Five-factor personality traits in priests

Antonio Cerasa, Giuditta Lombardo, Doriana Tripodi, Elisabetta Stilisano, Alessia Sarica, Vera Gramigna, Iolanda Martino, Anna Pullera, Silvia Tigani, Ylenia De Carlo, Maddalena Idone, Anna Scaglione, Elena Ziarelli, Roberta Vasta, Giulia Donzuso, Maria Rizzo, Don Luigi Zucaro

Research output: Contribution to journalArticlepeer-review


Several studies have demonstrated that religiosity is associated with specific personality traits, such as high Agreeableness/Conscientiousness or low Psychoticism. However, this evidence emerged by investigating active churchgoers with high religious practice or clerical individuals using Eysenck's taxonomy. This study explores, for the first time, personality profiles in Priests ordained by the Roman Catholic Church (N = 200) using the Five-Factor Model of personality in an Italian population. Priests were compared with demographically matched non-clerical with high religious practices (HRP, N = 301) and non-religious men (NR, N = 213).Analysis of variance demonstrated that both Priests and HPR men shared similar personality traits, such as higher Agreeableness, lower Extraversion-excitement seeking and Openness, with respect to NR. However, Priests have distinct traits, such as the highest values of Agreeableness and the lowest Neuroticism sub-facets of angry hostility and impulsiveness, in comparison with other groups. Finally, although high Conscientiousness characterized both the Priest and HRP groups, surprisingly, we found that this psychological trait was only more evident in the latter group. Differences in religious order would seem to influence this trait.This study demonstrates that Priests' personality differ from those of HRP men, although some important personality (sub-) facets are similar.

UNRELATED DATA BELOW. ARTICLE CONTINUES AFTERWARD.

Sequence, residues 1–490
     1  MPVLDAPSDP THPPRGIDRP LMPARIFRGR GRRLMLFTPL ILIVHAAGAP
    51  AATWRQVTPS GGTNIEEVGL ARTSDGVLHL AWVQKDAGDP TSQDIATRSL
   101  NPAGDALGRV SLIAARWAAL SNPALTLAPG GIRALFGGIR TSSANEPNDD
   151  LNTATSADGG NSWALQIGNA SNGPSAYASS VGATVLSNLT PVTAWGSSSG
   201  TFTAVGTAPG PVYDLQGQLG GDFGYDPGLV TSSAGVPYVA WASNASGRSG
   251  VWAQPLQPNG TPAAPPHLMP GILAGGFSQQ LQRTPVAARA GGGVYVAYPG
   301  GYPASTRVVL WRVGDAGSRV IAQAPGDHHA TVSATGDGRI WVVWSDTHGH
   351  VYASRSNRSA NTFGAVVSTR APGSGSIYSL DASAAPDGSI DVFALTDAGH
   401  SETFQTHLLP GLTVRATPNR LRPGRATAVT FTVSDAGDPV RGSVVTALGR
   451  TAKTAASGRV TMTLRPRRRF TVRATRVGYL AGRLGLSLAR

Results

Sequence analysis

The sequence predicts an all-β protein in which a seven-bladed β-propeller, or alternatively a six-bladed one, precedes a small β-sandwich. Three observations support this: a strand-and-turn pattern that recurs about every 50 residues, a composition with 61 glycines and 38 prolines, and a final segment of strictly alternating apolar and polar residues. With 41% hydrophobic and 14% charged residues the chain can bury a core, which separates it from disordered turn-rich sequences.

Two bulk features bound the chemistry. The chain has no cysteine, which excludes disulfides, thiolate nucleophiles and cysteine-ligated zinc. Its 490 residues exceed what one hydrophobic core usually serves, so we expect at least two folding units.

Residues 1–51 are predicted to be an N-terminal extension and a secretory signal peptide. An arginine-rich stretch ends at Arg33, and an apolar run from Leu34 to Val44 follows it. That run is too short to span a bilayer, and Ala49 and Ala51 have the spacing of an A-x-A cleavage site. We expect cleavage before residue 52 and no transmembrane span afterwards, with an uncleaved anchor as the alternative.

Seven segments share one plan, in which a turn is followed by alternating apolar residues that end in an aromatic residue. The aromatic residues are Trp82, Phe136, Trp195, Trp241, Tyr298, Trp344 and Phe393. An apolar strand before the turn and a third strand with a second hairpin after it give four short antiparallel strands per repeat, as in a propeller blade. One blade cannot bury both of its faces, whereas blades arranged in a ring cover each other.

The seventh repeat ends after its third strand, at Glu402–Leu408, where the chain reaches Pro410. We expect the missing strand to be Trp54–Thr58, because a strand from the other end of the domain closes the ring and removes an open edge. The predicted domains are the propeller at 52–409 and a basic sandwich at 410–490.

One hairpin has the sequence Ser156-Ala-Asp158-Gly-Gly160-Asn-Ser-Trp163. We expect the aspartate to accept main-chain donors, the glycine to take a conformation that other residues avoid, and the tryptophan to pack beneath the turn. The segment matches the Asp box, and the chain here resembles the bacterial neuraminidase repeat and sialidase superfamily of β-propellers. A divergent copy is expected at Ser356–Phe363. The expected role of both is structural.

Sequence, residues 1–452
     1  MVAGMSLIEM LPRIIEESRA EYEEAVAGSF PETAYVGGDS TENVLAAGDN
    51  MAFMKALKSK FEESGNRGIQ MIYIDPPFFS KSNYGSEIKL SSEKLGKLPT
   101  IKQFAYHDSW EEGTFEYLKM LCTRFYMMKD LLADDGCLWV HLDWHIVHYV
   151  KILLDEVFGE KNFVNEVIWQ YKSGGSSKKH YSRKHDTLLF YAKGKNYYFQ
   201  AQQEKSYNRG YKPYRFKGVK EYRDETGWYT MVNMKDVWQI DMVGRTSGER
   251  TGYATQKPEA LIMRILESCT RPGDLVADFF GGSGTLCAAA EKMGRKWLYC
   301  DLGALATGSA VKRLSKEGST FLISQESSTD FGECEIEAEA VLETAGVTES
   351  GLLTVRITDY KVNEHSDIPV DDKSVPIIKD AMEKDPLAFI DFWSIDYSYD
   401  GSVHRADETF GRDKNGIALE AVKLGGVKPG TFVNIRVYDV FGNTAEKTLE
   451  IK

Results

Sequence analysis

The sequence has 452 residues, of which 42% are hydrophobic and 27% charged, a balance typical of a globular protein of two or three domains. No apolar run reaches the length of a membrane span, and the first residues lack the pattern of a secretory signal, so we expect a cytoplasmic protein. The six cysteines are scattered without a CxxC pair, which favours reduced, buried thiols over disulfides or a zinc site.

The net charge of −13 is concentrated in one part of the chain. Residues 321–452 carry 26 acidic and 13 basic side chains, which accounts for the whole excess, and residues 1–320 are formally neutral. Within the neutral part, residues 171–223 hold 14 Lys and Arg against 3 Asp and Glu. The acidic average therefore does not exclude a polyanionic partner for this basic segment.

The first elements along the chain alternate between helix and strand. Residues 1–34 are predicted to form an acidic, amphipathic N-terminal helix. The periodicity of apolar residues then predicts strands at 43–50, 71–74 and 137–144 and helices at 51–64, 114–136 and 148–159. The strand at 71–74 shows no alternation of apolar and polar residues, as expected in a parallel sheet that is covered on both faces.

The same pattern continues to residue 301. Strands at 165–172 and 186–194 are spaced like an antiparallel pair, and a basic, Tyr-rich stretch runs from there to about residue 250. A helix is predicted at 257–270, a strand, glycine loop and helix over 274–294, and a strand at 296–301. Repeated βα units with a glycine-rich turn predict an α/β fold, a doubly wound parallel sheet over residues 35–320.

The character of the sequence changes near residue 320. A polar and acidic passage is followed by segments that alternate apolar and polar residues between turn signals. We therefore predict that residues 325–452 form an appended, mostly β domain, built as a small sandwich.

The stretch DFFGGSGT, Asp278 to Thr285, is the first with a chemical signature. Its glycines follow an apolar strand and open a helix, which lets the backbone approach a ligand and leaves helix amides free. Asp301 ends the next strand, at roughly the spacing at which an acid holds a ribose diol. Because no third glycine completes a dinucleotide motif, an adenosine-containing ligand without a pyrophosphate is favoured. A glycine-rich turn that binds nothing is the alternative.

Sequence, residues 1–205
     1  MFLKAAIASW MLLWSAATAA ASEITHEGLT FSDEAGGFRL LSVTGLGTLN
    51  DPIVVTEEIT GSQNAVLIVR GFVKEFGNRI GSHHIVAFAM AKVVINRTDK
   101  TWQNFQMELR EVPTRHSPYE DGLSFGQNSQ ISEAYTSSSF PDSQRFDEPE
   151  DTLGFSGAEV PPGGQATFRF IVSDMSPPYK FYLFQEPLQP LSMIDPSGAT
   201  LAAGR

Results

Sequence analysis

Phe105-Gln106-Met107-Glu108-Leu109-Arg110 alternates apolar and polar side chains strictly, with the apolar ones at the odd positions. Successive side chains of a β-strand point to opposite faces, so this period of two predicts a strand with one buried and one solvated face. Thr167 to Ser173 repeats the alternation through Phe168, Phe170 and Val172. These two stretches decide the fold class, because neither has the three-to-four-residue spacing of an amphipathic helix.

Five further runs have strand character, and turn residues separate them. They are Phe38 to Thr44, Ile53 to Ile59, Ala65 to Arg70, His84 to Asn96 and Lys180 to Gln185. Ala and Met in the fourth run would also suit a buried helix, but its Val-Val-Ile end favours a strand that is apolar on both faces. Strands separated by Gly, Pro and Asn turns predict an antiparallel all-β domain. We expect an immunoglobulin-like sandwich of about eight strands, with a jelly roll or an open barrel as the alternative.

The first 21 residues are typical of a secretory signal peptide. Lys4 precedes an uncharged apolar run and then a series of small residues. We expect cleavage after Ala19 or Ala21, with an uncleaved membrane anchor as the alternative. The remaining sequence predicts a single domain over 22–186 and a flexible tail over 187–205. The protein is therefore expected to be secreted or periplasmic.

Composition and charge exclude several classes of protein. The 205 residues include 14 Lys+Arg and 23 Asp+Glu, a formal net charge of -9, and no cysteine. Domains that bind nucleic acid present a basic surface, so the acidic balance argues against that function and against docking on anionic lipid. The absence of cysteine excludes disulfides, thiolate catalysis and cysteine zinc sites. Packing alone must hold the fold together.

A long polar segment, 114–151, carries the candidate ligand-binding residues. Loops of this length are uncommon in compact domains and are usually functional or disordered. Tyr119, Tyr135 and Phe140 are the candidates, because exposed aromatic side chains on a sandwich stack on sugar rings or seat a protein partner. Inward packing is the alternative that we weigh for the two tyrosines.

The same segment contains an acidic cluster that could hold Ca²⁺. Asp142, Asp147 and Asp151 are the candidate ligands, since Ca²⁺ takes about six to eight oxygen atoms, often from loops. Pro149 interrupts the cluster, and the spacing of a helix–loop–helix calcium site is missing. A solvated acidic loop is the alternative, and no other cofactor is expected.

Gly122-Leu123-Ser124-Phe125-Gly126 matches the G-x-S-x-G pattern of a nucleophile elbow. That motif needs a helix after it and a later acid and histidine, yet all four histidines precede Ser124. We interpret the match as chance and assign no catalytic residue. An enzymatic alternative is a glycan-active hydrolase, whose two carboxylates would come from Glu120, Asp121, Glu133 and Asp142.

Original languageEnglish
Pages (from-to)89-94
Number of pages6
JournalPersonality and Individual Differences
Publication statusPublished - Jun 1 2016


  • Agreeableness
  • Conscientiousness
  • Five-Factor Model
  • High religious practices
  • NEO-PI-R
  • Non-religious
  • Personality
  • Priests

ASJC Scopus subject areas

  • Psychology(all)


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